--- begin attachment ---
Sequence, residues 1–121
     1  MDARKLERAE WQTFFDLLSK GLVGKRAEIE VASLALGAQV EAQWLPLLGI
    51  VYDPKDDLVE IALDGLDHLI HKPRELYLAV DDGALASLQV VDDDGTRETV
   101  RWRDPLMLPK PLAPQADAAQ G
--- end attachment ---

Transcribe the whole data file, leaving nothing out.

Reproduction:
Sequence, residues 1–121
     1  MDARKLERAE WQTFFDLLSK GLVGKRAEIE VASLALGAQV EAQWLPLLGI
    51  VYDPKDDLVE IALDGLDHLI HKPRELYLAV DDGALASLQV VDDDGTRETV
   101  RWRDPLMLPK PLAPQADAAQ G